Toronto is putting more floating garbage cans in Lake Ontario
If you've visited the internationally beloved Toronto waterfront in the last two months, you may have noticed something peculiar in the water (besides the usual gamut of terrifying trash): three floating garbage cans, a recent attempt by the city's Outer Harbour Marina to cut down on debris in Lake Ontario.
This morning, Ports Toronto implemented phase two of its Seabin Pilot Program, which saw the maiden voyage of two additional bins provided from the Australian-based Seabin Project.
@PortsToronto Infrastructure VP Chris Sawicki talks to media about how our new Seabins work to capture rubbish from #singleuseplastics to #microplastics smaller than a grain of rice. pic.twitter.com/ZWMClUIJzZ— PortsToronto (@PortsToronto) October 10, 2019
The bins' technology, created by two surfers who were sick of seeing ocean ecosystems damaged by pollution, uses an up-and-down motion and a pump to filter water from the surface through a catch bag to be emptied later.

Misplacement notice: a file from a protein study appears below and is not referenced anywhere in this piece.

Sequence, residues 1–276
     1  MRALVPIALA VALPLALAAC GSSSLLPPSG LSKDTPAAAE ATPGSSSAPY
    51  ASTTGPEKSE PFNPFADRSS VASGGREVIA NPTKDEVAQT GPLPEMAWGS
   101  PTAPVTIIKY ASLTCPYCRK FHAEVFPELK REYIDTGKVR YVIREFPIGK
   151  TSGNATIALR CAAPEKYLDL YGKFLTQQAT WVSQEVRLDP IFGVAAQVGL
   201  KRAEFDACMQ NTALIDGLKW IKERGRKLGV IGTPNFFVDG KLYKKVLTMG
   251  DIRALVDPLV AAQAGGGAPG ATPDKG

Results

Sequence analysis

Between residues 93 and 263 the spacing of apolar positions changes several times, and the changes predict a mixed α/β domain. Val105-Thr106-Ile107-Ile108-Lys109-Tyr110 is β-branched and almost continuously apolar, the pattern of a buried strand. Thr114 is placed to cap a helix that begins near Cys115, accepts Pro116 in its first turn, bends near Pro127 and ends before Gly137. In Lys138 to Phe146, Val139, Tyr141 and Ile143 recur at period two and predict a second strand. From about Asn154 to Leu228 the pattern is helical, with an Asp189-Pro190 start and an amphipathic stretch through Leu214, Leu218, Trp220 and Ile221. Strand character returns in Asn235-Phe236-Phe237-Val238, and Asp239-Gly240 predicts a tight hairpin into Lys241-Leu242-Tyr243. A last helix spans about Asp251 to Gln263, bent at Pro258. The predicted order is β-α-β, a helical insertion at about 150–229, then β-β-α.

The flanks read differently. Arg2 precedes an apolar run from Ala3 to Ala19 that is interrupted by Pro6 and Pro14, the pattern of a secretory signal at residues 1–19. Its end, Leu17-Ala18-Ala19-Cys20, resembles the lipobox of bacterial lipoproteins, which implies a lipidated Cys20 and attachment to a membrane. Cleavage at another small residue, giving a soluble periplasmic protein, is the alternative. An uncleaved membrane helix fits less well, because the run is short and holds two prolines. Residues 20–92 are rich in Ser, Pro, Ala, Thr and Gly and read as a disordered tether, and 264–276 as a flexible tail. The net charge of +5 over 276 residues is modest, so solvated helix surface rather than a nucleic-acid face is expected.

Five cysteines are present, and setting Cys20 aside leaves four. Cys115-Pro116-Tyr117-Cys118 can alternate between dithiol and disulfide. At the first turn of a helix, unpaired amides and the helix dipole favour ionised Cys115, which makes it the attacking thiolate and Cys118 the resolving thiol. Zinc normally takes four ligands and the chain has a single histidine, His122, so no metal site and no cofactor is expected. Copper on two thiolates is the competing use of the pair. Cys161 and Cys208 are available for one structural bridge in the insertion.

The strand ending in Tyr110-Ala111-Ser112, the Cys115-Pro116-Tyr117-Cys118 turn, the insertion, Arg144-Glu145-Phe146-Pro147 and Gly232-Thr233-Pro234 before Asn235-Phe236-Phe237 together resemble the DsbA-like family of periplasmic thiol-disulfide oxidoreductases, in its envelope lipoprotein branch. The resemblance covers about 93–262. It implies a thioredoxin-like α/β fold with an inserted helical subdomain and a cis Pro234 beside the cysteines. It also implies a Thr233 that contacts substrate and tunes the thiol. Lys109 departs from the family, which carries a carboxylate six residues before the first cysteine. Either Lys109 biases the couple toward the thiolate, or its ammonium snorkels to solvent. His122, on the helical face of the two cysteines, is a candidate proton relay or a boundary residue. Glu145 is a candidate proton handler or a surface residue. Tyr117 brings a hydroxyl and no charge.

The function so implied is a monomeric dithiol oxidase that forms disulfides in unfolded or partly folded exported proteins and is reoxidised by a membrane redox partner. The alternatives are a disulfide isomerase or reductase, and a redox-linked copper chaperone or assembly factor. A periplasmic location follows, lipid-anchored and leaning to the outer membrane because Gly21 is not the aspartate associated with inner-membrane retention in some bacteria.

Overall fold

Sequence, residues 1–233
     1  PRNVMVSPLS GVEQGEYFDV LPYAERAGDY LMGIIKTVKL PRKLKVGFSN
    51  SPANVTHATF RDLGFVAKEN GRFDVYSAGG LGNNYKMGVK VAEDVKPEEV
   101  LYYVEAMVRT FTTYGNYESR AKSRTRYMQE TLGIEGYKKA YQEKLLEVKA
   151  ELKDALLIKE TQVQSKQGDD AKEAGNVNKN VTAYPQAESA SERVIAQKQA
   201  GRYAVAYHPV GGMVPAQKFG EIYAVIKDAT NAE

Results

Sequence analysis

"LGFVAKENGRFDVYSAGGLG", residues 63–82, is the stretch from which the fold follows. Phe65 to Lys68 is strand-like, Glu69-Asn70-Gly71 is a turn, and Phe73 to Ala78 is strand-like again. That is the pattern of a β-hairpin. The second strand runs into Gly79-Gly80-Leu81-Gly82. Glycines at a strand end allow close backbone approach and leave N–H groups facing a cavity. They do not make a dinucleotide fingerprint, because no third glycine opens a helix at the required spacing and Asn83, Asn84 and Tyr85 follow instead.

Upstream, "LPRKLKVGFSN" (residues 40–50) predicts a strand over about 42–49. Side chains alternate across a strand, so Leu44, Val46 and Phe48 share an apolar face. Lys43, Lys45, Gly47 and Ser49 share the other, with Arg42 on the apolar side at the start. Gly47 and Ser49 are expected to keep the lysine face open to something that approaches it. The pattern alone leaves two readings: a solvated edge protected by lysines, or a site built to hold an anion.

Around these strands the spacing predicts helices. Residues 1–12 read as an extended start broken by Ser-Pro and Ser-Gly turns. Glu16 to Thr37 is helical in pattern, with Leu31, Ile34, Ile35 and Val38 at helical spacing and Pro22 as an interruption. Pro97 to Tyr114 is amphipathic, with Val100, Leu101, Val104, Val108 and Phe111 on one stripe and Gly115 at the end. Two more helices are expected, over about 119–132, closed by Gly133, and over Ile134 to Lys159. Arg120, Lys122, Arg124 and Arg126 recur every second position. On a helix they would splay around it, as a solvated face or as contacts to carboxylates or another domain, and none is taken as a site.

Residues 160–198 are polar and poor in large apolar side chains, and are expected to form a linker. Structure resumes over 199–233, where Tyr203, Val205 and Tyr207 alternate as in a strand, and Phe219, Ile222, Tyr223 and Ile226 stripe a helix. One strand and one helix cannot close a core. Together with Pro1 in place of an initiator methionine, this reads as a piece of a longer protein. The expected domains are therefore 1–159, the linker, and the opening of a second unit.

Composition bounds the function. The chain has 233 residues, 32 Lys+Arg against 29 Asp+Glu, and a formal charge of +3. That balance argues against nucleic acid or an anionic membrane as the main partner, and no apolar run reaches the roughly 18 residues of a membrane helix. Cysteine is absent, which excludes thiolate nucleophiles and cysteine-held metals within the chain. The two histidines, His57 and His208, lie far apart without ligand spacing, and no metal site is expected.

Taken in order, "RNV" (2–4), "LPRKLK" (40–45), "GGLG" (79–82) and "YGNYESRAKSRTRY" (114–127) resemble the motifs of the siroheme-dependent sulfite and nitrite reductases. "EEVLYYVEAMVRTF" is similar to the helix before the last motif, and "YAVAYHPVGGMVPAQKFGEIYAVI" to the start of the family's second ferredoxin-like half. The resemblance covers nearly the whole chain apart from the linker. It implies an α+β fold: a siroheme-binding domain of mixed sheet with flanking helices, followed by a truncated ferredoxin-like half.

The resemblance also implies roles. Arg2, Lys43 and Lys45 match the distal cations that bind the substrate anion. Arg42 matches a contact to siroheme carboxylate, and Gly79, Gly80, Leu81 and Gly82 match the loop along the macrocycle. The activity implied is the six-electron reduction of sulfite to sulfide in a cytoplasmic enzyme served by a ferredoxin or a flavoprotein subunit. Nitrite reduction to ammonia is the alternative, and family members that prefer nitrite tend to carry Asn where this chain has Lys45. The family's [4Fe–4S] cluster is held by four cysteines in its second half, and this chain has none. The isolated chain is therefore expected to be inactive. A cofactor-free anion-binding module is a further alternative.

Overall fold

The bins can collect anything from large materials to microplastics, and can even remove oil pollutants.
Exciting news, #Toronto: today, @PortsToronto launched the second phase of their Seabin pilot project at historic Pier 6 🌊 #TOwaterfront— The Waterfront BIA (@WaterfrontBIA) October 10, 2019
Watch as Geoffrey Wilson, CEO of PortsToronto shares about this landmark initiative pic.twitter.com/VxhBxgQo4E
The project, which could see the removal of up to 1.4 metric tons of trash per bin per year, is the first of its kind at a North American waterfront and has been celebrated by those looking for innovative solutions to the lake's garbage problem.
PortsToronto CEO Geoffrey Wilson says in a press release that the deployment of the bins is only one step in the process of cleaning up the city's waterfront; the rest is up to Torontonians.
"The next step is learning from this waste in an effort to educate and change behaviour," he says.
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